RACING Victoria says the five Victorian trainers with cobalt positives will learn on Monday whether they can compete ahead of the spring carnival, when a decision in their "show-cause" hearing is handed down.

 In a COMMENT PIECE for FAIRFAX MEDIA, PATRICK BARTLEY claims that listening to Damian Sheales, the lawyer appearing on behalf of Mark Kavanagh and Danny O'Brien, one almost expected the stewards to apologise for subjecting them to an inquiry.

In a theatrical performance reminiscent of Rumpole of the Bailey, Sheales cast aspersions on everyone, saying the cobalt fiasco was a storm in a tea cup – a perfect storm created by Racing Victoria itself.

Sheales said the hysteria around cobalt was created and perpetuated by Racing Victoria and pointed a finger at RV's head vet, Brian Stewart, as the instigator of the cobalt drama. Sheales went further and said there was no evidence cobalt affected performance in horses, no evidence that it was toxic. He claimed the science was new and evolving and the hysteria was  confined to Australia. In the US, there was a two-tiered penalty system where horses were prevented from racing until cobalt levels dropped and if they were higher, trainers faced only fines.

Sheales also had a crack at Fairfax Media for unbalanced reporting. 

Sheales did, however, say that both Kavanagh and O'Brien now admit that the cobalt in their horses got there through IV drips given by Flemington Equine Clinic vets. This change of heart by the two top trainers is hardly surprising as beleaguered vet Tom Brennan, head of FEC, had made similar admissions to stewards more than a week ago.

O'Brien and Kavanagh flatly denied any knowledge of this cobalt and Sheales labelled Brennan a liar. 

Neither Kavanagh nor O'Brien offered any explanation about the alleged payment of thousands of dollars to Brennan for the "vitamin mix".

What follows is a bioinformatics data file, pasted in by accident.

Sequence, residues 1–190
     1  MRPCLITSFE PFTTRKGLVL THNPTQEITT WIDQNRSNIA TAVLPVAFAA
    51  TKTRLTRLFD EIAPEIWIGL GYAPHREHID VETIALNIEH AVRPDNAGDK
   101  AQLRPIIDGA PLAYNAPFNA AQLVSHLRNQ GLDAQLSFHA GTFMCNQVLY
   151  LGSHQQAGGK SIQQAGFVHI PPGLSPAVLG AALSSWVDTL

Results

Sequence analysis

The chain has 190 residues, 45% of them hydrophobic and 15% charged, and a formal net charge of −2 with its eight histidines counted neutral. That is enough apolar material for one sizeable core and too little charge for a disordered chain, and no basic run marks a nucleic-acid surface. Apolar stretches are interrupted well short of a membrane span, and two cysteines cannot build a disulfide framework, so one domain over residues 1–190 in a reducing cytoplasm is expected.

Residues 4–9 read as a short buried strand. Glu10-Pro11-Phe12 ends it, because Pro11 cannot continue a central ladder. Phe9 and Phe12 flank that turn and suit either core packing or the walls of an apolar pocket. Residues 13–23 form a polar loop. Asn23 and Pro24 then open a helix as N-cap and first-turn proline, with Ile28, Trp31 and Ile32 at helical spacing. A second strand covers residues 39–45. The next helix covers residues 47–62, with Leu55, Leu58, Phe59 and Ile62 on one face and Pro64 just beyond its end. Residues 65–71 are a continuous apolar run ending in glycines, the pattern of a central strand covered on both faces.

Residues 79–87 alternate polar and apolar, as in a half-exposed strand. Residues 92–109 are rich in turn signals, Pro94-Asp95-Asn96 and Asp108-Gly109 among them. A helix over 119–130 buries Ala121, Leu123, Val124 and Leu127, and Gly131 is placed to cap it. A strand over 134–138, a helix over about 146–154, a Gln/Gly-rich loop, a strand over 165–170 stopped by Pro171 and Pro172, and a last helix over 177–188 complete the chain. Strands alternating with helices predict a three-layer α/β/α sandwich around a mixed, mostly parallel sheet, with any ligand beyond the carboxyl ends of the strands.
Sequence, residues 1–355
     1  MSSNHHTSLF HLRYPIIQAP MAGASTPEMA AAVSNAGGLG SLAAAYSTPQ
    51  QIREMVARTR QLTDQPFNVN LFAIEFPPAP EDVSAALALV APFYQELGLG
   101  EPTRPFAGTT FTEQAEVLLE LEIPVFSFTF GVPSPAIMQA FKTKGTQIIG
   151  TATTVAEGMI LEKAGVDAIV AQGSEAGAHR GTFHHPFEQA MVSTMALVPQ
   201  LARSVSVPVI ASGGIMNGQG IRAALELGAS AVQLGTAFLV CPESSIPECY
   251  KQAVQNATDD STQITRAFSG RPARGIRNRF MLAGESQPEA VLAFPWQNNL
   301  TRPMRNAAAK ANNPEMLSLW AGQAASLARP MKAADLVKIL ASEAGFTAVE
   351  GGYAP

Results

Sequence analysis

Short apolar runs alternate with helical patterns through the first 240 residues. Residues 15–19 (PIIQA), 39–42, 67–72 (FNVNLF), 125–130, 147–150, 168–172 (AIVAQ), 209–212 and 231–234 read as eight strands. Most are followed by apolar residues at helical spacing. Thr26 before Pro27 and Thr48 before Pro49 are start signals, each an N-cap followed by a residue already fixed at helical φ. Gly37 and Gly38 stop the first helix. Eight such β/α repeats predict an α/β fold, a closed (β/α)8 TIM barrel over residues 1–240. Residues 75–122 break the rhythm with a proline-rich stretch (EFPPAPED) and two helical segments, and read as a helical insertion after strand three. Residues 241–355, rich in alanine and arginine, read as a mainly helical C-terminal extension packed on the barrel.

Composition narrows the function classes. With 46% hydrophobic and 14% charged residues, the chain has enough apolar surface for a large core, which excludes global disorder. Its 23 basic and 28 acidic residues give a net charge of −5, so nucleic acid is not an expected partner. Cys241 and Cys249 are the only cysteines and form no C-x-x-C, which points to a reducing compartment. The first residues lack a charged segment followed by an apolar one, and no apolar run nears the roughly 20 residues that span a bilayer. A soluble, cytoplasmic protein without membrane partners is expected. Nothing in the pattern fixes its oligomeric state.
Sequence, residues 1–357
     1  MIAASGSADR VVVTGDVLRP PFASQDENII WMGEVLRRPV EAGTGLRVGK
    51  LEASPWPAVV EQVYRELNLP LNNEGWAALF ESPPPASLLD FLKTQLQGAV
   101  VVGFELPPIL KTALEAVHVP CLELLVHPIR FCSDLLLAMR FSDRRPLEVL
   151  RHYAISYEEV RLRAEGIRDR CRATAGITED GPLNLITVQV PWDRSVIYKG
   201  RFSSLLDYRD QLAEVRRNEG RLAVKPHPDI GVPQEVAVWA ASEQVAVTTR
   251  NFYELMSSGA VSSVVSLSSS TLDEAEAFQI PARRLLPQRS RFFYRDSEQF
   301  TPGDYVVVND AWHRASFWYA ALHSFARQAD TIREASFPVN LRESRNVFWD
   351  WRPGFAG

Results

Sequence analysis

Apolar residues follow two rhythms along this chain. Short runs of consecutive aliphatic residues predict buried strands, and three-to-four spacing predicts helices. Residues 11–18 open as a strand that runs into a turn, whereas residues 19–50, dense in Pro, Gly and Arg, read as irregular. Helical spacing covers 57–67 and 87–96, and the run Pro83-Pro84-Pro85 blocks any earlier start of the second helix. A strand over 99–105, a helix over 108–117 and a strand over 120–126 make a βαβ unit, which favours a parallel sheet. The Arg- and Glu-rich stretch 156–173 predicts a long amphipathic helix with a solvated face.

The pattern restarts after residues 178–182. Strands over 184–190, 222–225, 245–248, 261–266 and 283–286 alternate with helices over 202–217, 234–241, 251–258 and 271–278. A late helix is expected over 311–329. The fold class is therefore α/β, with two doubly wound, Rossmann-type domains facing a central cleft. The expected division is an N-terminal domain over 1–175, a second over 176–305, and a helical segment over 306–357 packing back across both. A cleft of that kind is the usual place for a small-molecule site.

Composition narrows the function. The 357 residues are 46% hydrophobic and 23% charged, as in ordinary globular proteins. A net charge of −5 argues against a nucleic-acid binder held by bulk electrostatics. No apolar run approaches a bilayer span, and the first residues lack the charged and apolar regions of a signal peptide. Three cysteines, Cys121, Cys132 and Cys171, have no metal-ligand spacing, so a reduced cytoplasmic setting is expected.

Let us present some facts about cobalt.

Sheales asserted that there is no evidence that cobalt is performance-enhancing in the horse. So what? There is plenty of evidence that cobalt has the potential to be performance-enhancing because of its action, and there are studies to show it enhances performance in other species. 

Cobalt is banned in every sport by the World Anti-Doping Agency. It is banned because it acts as an HIF stabiliser, a category of drug that is specifically listed as banned. HIFs cause the body to produce more red blood cells, improving endurance.

The role of the stewards is to create rules to protect the integrity of the industry, not to run studies proving the effect of a banned drug. In this manner the history of cobalt is interesting, racing authorities had intelligence that cobalt was being abused in the US a couple of years ago.

At this time WADA had already banned cobalt, but as it occurs in trace amounts in horses this meant that racing regulators had to develop and then set a threshold which would only catch those abusing or cheating with cobalt.

The international racing community collaborated and shared information on cobalt levels to set an international threshold.

In a damming indictment of our racing, Australian horses were excluded because there was already evidence that cobalt abuse was occurring here and our levels would not help determine a proper normal threshold. In Hong Kong the threshold was set at 100 micrograms per litre of urine, this is likely to be adopted internationally, while Victoria introduced 200 in April last year, 200 was ratified by the Australian Racing Board (ARB), Australia-wide on January 1 this year.